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Joint Popular Rotorcraft Association/Powrachute Extravaganza Fly-In Successful

By Dan Burrell, EAA 850483, for Light Plane World

PRA
PRA President Scott Lewis (left) and Jeff Williams (right), president of the Powrachute Corporation.

Two influential individuals from two completely different branches of sport aviation cooperated to organize and support a new kind of fly-in that reflects a trend toward more variety at fly-ins and air shows. Rotorcraft and powered parachutes are about as different in their operations and requirements as it can get, and yet they fly together, share the same facilities, and support each other at this joint fly-in. It is their differences that help make it possible.

The joint fly-in held August 2-6, 2011, at the Mentone (Indiana) Airport was very successful with lots of flying and a good turnout considering the threat of passing showers. A powered parachute pilot was heard to say that flying right after a rain shower was a great time to fly. It’s difficult to get a firm number on attendance because not all pilots register and some stay only a short time. A fair estimate is about 50 to 60 rotorcraft were there including projects and static displays, along with around 40 powered parachutes, a dozen or more fixed-wings, and a few trikes.

PRA President Scott Lewis said he initiated the joint fly-in idea because he wanted to expand the annual event and interest more people in flying rotorcraft. They tried having powered parachutes at the fly-in last year and it was so successful he wanted to make it formal. Scott’s partner in the effort was Jeff Williams of the Powrachute Corporation. His company has a history of supporting powered parachute fly-ins with a long-sponsored event, the Powrachute Extravaganza, which has been held in various locations around the country including Texas, Kansas, and Wisconsin. Scott said it started with a simple phone call and that Jeff agreed to the joint fly-in before the call was over.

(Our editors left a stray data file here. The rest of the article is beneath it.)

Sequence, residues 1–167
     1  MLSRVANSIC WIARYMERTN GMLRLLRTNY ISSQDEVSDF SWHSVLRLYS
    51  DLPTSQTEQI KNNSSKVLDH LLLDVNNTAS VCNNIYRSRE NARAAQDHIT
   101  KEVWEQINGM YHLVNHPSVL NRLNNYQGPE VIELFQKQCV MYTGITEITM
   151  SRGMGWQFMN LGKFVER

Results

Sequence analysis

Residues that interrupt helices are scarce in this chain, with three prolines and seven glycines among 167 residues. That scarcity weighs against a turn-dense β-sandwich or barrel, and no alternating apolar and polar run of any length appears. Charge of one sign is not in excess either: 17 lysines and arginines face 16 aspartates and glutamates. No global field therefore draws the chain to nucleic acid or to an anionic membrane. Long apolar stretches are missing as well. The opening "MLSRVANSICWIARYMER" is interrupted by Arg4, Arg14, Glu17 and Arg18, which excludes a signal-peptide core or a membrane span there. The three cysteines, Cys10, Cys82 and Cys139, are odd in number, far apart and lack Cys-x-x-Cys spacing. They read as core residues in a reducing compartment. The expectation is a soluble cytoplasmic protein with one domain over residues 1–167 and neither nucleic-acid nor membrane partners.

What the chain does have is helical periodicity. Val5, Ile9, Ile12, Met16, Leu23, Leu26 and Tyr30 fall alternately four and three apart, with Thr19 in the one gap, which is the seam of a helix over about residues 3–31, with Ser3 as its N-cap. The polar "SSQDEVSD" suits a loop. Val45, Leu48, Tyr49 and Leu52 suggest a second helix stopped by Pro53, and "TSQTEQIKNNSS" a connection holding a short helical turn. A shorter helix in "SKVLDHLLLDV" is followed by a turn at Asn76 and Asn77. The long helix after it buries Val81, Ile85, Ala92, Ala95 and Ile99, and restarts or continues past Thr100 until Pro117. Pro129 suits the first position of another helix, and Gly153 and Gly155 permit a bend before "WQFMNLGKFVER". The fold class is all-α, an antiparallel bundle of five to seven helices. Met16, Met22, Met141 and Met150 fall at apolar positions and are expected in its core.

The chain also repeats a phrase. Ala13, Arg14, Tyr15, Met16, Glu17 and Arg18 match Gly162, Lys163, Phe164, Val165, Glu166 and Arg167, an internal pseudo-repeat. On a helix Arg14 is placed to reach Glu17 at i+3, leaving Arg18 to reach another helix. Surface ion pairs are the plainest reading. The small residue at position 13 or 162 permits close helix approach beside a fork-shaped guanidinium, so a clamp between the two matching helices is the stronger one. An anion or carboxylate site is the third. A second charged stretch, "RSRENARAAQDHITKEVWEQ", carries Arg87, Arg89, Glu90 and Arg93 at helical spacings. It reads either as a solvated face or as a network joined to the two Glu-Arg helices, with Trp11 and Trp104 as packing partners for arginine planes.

Scott said the combination of gyroplanes and powered parachutes has worked out very well. The gyroplanes have maximum maneuverability (and minimal profile) while the powered parachutes are big and slow. The rotorcraft flew on one side of the paved runway and the powered parachutes flew on the other side. The powered parachutes had their own dedicated sod takeoff area so simultaneous operations of both types were possible. Jeff Williams said everyone flew for nearly three hours Friday evening and there were no problems whatsoever.

The Powrachute Extravaganza has traditionally featured a raffle for a new powered parachute and this year was no exception. For $20 dollars you could buy a good chance of winning a new single-seat FAR103 Powrachute Sky Rascal. Powrachute demonstrated its 100-hp Rotax 912 Airwolf LSA and the Rotax 582-powered Pegasus powered parachutes in the showcase flights. Its sister company Soaring Concept Aerospace, also based in Hastings, Michigan, displayed gyroplanes from the German manufacturer Autogyro, including the new side-by-side Cavalon.   

Next year will be the 50th anniversary of the Popular Rotorcraft Association and the annual fly-in is promised to be quite a special event. More information about PRA and its activities is available online at www.PRA.org or by calling 574-353-7227.

View the featured Light Plane World photo gallery from this event.

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